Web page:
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Microsoft Excel is a powerful tool for storing information in an organized manner. It’s a wizard at automating formulas, keeping records, and listing things in any of your personal preferences.
Yet it’s also easy to forget how to complete simple tasks.
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Today we are going to show you how to merge cells: a smart way to format your data in a normal table and create a larger cell.
What Is Merging A Cell?
When you merge a cell, you take the contents of multiple cells and combine them into one large cell.
Merge Cells are used for many reasons, but one of the most common uses is for grouping a collection of cells together to create a more organized spreadsheet.
For example, if you had two different amounts in cells B2 and C2, merging these would allow us to see both numbers together without having to create a formula or write an equation in our cell.
How To Merge A Cell
The easiest and most efficient way to merge cells is done by the following:
- Navigate to the home tab at the top of the page. In this menu look for the ‘Merge & Center’ option.
- Under this tab, you will have four options in a drop-down menu that offer four different ways that you can merge cells.
- You can also unmerge cells this way as well just in case you make a mistake or no longer want to merge cells.
We are now going to go through each option individually.
Merge & Center
This option is ideal for merging cells that are labeled as a title for a table, as they will select all of the cells above your columns and rows that have headings, and will center the word.
For example, if we take the table below and highlight the title ‘Best Golf Courses’ from Cell B2 to D2. This will center the wording ‘Best Golf Courses’ in the middle of the table.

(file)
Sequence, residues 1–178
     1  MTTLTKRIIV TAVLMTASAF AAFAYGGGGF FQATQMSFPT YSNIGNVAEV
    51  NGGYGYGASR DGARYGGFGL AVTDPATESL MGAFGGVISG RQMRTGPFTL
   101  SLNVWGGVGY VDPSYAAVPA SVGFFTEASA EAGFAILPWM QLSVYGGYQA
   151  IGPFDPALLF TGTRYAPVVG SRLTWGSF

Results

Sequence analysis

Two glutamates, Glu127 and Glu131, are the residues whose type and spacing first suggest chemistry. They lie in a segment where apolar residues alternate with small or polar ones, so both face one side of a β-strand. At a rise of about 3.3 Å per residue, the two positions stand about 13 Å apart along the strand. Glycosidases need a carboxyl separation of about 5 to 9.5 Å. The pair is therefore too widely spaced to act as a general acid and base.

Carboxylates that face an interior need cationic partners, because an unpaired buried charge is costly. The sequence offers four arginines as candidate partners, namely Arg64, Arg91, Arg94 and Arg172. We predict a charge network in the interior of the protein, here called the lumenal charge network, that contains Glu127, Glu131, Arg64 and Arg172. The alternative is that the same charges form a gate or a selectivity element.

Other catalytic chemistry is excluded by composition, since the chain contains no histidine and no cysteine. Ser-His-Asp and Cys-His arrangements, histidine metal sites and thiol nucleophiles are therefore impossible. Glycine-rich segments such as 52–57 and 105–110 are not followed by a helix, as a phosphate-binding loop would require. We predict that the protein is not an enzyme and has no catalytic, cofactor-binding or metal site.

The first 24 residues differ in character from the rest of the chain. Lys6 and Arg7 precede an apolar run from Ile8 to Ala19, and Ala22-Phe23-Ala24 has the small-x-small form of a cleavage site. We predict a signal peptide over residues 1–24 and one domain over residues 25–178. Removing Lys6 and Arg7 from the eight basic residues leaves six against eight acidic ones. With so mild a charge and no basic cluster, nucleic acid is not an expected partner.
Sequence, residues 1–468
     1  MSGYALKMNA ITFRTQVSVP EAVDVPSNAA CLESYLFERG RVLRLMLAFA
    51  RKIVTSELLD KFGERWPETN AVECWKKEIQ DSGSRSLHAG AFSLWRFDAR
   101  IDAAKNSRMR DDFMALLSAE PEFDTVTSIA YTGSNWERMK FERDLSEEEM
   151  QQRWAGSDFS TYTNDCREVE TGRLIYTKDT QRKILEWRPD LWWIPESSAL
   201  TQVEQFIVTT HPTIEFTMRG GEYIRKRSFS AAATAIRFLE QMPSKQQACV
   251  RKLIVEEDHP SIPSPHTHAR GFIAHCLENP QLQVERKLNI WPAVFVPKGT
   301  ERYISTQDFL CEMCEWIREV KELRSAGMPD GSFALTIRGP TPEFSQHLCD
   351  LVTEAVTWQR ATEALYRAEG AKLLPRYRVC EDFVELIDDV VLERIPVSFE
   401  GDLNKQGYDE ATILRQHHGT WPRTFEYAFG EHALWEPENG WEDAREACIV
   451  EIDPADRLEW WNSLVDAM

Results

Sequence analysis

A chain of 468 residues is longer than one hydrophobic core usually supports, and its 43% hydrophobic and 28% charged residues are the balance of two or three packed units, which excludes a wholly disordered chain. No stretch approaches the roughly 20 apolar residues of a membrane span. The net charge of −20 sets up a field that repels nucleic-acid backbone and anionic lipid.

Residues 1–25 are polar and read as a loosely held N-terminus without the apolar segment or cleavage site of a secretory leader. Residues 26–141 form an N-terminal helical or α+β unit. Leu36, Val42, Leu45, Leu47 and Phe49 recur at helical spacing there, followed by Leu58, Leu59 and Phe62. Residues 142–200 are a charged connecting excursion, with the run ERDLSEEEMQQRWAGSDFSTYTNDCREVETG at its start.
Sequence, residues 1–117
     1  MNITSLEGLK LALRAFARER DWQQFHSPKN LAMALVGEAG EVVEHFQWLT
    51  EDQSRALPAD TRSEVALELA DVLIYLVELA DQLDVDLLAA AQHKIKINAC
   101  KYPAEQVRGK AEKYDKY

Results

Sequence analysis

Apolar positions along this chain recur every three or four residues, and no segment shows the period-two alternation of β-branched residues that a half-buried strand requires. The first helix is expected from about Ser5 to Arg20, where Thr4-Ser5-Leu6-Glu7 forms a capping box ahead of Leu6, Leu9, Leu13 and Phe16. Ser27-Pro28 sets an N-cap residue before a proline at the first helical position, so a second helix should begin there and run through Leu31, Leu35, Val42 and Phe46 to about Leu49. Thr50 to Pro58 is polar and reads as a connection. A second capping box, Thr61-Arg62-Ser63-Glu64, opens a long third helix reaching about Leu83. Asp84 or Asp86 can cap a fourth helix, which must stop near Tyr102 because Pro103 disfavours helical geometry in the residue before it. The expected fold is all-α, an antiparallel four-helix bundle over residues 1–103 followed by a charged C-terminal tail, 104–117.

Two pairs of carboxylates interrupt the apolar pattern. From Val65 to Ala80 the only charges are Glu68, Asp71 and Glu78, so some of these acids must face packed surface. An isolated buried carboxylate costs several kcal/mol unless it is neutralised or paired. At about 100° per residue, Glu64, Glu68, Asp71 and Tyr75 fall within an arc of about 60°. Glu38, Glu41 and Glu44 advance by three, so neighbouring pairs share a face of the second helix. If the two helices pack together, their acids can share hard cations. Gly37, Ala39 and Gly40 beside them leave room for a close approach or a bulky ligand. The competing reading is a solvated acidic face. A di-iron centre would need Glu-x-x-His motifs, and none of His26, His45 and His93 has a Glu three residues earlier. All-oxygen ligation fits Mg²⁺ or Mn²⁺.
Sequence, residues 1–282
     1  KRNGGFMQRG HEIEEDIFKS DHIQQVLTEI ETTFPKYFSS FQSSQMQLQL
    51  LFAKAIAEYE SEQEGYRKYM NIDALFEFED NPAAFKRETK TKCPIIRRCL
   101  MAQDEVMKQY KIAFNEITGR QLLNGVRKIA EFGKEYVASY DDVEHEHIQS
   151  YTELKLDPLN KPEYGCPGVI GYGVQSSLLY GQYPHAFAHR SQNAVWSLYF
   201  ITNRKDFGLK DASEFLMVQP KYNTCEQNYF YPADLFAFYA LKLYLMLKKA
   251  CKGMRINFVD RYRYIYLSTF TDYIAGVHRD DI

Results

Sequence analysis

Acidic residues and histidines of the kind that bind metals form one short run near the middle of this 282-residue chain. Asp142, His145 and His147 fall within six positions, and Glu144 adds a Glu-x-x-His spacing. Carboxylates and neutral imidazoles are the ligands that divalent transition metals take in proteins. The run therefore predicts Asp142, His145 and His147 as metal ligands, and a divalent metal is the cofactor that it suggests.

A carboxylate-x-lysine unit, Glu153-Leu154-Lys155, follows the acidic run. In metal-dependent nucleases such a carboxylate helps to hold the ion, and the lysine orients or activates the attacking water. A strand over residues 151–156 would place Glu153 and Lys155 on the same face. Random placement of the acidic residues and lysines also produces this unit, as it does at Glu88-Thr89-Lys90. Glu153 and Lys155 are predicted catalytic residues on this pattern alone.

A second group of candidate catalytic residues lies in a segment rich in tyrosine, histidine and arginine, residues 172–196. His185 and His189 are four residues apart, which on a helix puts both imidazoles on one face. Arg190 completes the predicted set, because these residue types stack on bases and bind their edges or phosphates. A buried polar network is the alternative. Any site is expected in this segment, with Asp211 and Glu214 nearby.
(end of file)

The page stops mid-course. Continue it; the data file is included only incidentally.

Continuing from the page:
Now all three cells which were previously single cells are joined into one large cell.
This option is best used for making large rows out of many cells and is usually selected if you need longer horizontal cells for writing in. Row cells can be used for all sorts of items; even numbers and data points.
Simply select all of the rows that you would like to merge across, select the adjacent cells and pick this option. This will create a single long cell.
This is similar to the Merge & Center option, however instead of centering the information between cells, it will only merge the cell from the very first cell you have selected.
For example, let’s take the example from Merge & Center and our ‘Best Of Golf Course’ list. Before the wording from cell B2 to D2 would have been centered in the middle of these cells.
However, with the Merge Cells option, it would now be one long cell and the wording would be located in cell B2.
The final option is to unmerge cells, and as the name suggests, is for undoing any cell merging that you have already completed.
All you will need to do is select the cells that you would like to unmerge, and Excel will take care of the rest.
Let’s use our ‘Best Golf Course’ example one last time. We’ve merged them to the center but we now want to undo this. Simply select B2 to D2 and click unmerge cells.
The large cell will now be unmerged and B2 to D2 will now be a single cell once again.
Being able to organize your work in Excel doesn’t need to be complicated, and we hope you understood how to effectively merge and unmerge merged cells into separate cells.
If so, you now have another skill in your Excel tool kit of tricks and hacks to help keep your data in the layout you prefer!